When you make henna, you typically have several places to start. You may simply want to make henna paste with purchased powder. Some people may prefer starting from scratch by growing henna plants from seed. Growing your own plants means you can make henna from leaves you've harvested and dried yourself. The second method is usually a sure way to get fresh, chemical-free henna powder, but the first method may be less hassle.
Those who want to make henna from scratch, meaning starting with planting henna seeds, should note that henna plants must typically be houseplants if the artist is not living in India; very hot, humid climates are essential for henna plants to survive. Once planted in the proper conditions, the plants usually thrive without much help. All that's needed are three or four henna seeds pushed into moist, very rich soil.
Misting the soil daily and placing it in a warm room under a plastic greenhouse cone should provide good growing conditions. Greenhouse cones — clear plastic cones with a small hole at the tip — can be used to hold in warmth and moisture. When the henna plant has sprouted about three dozen large leaves, the henna artist may harvest about a third of these. Thick, large, dark green leaves generally work best when you make henna powder.
To dry henna leaves, simply lay them between paper towels and set them in a warm, dry place for about three weeks. The leaves should be pale green and very brittle when they're fully dry. The artist may then grind the leaves in a food processor, nut grinder, or with a mortar and pestle. If none of these are available, the artist may crumble them by hand, then crush the flakes into a fine powder with the tip of a wooden spoon. The powder should look like a mix between flour and sand.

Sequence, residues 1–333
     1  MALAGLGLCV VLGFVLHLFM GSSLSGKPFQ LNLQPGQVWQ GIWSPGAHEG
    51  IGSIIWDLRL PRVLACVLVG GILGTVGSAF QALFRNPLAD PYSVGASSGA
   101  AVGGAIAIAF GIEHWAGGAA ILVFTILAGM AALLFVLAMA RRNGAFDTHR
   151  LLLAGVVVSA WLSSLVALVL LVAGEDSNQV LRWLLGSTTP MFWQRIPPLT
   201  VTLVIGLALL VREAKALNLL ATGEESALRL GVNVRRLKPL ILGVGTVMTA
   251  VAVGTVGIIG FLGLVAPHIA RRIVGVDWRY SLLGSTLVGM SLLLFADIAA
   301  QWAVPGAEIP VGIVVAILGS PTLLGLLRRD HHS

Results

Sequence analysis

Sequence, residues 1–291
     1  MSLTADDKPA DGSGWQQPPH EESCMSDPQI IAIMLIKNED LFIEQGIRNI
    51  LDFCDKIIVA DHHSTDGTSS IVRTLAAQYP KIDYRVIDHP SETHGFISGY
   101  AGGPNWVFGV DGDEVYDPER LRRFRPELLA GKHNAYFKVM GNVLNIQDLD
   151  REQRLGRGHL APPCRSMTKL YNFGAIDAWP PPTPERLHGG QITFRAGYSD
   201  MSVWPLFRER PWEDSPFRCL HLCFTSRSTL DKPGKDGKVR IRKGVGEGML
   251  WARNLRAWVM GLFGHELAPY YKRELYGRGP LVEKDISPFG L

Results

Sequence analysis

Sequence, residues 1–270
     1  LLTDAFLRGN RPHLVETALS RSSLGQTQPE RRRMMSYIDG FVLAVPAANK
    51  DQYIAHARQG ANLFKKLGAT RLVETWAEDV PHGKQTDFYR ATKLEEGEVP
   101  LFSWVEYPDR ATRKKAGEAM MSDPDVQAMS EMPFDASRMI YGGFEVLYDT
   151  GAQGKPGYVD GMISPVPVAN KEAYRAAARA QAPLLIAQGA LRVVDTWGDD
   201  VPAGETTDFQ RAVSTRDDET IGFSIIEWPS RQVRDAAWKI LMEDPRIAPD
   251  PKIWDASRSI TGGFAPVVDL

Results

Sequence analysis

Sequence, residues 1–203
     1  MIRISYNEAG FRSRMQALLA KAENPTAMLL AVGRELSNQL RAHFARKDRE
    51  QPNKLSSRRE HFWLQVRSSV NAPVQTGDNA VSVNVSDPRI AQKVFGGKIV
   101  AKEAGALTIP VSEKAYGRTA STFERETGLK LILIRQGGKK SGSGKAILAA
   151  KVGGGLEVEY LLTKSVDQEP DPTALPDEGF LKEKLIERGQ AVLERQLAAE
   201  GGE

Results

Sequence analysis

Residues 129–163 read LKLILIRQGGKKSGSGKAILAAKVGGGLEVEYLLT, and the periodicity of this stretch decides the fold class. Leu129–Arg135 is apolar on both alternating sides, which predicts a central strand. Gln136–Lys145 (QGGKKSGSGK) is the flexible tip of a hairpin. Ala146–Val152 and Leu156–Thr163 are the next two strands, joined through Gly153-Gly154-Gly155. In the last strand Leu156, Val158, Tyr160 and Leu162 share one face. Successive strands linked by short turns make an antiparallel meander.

Lemon juice is the first ingredient that goes into both homemade and commercial henna powder to make henna paste. It is followed closely by lavender and bergamot essential oils. The artist should mix the paste with a wooden or plastic spoon in a wooden or ceramic bowl, using enough lemon juice that the henna powder forms a thick, malleable paste. About 10 drops each of lavender and bergamot oils not only help the henna smell good, they also help the lemon juice pull dye from the henna, making tattoos darker.
Once mixed, the henna paste must be covered with plastic wrap and allowed to rest for 12 to 24 hours. This resting time allows the henna powder to oxidize and create the dark, reddish-orange dye traditional to henna tattoos. After oxidation, the artist may apply the henna to his or her skin, hair, or even clothing to create natural henna art.